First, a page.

Then it happened.  I got a MacBook.  I went back to school to teach and thought, I need a new computer, so many schools use Macs, I don't have a Mac, I don't know how to use a Mac...I better get in the loop.  Of course the Mac needs the Microsoft Office Suite too.  And it was so.  Problem...alert! Alert!  My Mac that communicated with my PC and shared my Outlook calendar would not communicate with the Pocket PC.  My organizational world was OVER.  I needed a new plan.  That is when I learned to embrace Google Calendar.  

I have 2 Google accounts. One for home, one for work.  I have 5 Google calendars, and share 2 additional calendars, and have access to view 3 other calendars.  It's not as complicated as it sounds because they are all color coded.

One of the best things about Google calendar is my school uses Google calendar as the district calendar so I can quickly save an activity on the district calendar to my own calendar, but only the activities that pertain to me and my building if I want.  

Monday, October 13, 2014

Sharing Files With Colleagues

I have found to never underestimate the power of sharing.  If you followed my previous tip you are taking a lot of pictures.  Maybe you would like to share them???  Sharing goes beyond pictures.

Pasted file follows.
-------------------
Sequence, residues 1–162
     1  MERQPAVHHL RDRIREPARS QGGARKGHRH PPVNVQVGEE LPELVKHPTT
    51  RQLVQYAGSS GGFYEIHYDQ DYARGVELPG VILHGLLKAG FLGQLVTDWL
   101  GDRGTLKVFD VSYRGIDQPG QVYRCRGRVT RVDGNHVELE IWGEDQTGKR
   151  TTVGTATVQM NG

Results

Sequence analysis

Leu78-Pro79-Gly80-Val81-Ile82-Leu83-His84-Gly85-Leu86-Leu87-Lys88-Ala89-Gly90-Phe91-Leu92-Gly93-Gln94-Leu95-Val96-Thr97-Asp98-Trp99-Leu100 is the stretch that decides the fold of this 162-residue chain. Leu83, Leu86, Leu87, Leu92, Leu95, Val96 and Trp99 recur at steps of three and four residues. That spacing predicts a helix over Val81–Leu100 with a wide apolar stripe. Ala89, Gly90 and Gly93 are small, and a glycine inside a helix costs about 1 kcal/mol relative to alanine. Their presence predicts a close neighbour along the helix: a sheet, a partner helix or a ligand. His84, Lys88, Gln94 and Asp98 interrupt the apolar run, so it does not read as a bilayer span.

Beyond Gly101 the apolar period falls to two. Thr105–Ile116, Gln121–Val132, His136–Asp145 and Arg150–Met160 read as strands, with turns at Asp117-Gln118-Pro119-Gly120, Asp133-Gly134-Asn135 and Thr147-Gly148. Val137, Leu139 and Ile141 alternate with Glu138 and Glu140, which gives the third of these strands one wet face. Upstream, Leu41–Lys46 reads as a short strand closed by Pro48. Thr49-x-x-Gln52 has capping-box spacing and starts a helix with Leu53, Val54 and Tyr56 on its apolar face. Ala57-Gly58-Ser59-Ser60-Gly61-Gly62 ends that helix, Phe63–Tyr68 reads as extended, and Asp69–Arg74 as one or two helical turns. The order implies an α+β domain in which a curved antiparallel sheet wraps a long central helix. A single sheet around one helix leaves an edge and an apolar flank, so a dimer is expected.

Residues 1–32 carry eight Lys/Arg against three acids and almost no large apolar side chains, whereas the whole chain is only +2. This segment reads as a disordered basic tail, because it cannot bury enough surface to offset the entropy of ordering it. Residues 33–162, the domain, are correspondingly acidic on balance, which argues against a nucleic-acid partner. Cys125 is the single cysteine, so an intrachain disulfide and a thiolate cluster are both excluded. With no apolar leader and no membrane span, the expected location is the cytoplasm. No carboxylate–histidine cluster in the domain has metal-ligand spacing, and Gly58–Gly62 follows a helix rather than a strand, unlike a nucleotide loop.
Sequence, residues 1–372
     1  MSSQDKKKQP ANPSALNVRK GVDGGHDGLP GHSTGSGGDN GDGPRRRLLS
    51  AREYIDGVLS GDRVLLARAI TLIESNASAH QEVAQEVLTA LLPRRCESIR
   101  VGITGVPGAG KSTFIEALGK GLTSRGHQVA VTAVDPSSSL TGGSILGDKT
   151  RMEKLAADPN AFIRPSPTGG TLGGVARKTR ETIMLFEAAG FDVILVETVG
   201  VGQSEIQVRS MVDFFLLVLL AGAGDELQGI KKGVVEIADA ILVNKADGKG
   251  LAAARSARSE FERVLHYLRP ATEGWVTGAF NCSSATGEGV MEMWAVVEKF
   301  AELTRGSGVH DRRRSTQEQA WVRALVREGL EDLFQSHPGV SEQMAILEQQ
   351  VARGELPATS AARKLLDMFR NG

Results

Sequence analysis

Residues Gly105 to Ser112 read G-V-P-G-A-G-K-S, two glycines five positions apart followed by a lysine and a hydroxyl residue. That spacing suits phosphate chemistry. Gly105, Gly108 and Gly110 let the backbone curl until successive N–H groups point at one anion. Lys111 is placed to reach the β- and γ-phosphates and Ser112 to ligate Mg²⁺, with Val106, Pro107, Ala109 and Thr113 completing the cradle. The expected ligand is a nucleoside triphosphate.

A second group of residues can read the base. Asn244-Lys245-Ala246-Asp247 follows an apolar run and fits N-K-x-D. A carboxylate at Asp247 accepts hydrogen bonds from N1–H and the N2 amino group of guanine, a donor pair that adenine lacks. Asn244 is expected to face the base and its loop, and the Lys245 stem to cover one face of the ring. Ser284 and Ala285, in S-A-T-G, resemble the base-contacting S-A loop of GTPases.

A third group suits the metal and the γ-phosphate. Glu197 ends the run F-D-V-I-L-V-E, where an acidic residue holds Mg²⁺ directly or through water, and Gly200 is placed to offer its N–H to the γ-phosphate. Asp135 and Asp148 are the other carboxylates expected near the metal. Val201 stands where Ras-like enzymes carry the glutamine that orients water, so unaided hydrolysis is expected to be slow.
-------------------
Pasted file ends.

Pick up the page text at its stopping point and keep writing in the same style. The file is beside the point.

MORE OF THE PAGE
As a teacher there are a lot of resources that need to be shared and they may not be resources available in the student database.  For example, I'm in the Ohio Resident Educator Program and need to share documents with my mentor.  By using a Dropbox folder I can work on Word Documents downloaded from ODE and save them to a folder local to my computer.  Then I have access to them virtually anywhere and can share the folder with my mentor.  Dropbox is similar to Google Drive installed on your computer but does not try to convert your files to the Google format.  Check out Dropbox

View this video of how it works: Using Dropbox

Another method for sharing is the Google Drive.  Files in the Google Drive can be shared with others to view only or view and edit. I share files with my mentor using Google Drive yet share forms and documents with students and coworkers using Google Drive, especially those documents created in Google Drive.  It doesn't seem necessary for every teacher to collect and update the same data so I collect student favorites in a form and shared it with colleagues so they were in the loop too.

Learn more about collaborating with Google Drive below.